Back to Ask the Diabetes Team Ask the Diabetes Team

From New Jersey, USA:

I have a question about rebounding. My eight year old, who has had type 1 diabetes for one and one half years, had a bedtime blood sugar of 54 mg/dl (3 mmol/L). He had 4 ounces of juice and a snack of cheese, crackers and milk. When we retested at 10:15 pm, he has 150 mg/dl (8.3 mmol/L). I woke at 1:30 am to test him and he was 569 mg/dl (31.6 mmol/L), so I gave him 1 unit of Humalog and re-tested at 2:30 AM. He was 353 mg/dl ( 19.6 mmol/L), at 4:00 am he was 329 mg/dl (18.3 mmol/L), and, 8:00 AM he was 298 mg/dl (16.6 mmol/L). How low would he have to go to have a rebound? Is it better to rebound? Is there any more sensitivity to giving insulin after a rebound? If he hadn't rebounded, what would have been the likely scenario?


The real question is: was he even lower before the 54 mg/dl (3 mmol/L)? The dilemma with diabetes care is that we do see rebound where the low is followed by high and often very high numbers. The story you are telling is common. What to do? Really there is nothing to do: you can't avoid all the lows, but do try to realize that after it happens you might see a high. One specialist writes that a low is the best predictor of another low: so be aware after a low that you might see another. Likewise, the blood glucose awareness training where you actually think about how you are feeling, and even try to guess glucoses before you test, might help the eight year old child become more aware of the lows before they get so low he rebounds to 500 mg/dl (27.8 mmol/L) or more.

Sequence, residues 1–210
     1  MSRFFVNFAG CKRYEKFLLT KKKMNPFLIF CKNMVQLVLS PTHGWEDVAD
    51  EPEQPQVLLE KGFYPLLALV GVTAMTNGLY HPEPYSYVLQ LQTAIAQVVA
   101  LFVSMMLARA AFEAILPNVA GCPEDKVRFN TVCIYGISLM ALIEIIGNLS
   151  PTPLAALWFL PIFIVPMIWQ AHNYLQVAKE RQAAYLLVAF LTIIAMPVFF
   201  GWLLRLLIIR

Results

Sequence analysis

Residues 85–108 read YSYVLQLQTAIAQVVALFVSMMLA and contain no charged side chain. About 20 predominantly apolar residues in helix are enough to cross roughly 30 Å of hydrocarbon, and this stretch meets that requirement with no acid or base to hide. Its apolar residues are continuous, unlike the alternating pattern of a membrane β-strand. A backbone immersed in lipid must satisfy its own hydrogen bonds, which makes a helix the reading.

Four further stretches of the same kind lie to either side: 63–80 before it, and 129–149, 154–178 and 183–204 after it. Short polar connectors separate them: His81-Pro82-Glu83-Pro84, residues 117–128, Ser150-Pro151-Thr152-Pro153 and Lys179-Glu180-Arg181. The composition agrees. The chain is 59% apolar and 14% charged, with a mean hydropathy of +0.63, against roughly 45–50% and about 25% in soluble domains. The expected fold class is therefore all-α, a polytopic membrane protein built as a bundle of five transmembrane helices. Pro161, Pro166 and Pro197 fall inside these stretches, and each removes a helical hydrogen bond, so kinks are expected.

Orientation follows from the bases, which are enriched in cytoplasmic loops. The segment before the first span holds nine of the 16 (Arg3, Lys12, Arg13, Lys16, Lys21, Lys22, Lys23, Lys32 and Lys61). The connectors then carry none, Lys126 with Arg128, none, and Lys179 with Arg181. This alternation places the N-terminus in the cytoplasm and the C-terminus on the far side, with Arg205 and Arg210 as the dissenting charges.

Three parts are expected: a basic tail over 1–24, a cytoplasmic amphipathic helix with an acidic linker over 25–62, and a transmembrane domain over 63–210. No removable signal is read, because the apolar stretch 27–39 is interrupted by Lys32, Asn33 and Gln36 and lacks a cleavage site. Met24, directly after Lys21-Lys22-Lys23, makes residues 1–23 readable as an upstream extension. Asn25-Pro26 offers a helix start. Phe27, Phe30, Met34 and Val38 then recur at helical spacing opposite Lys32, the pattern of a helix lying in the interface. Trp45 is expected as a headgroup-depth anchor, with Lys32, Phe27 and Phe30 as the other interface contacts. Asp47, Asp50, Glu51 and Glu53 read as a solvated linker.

Good luck; this the hardest part of diabetes in children.


Original posting 22 Aug 2000
Posted to Tight Control


  Back to Ask the Diabetes Team Return to the Top of This Page

Last Updated: Tuesday April 06, 2010 15:09:12
This Internet site provides information of a general nature and is designed for educational purposes only. If you have any concerns about your own health or the health of your child, you should always consult with a physician or other health care professional.

This site is published by T-1 Today, Inc. (d/b/a Children with Diabetes), a 501c3 not-for-profit organization, which is responsible for its contents. Our mission is to provide education and support to families living with type 1 diabetes.
By using this site, you agree to our Terms of Use, Legal Notice, and Privacy Policy.
© Children with Diabetes, Inc. 1995-2018. Comments and Feedback.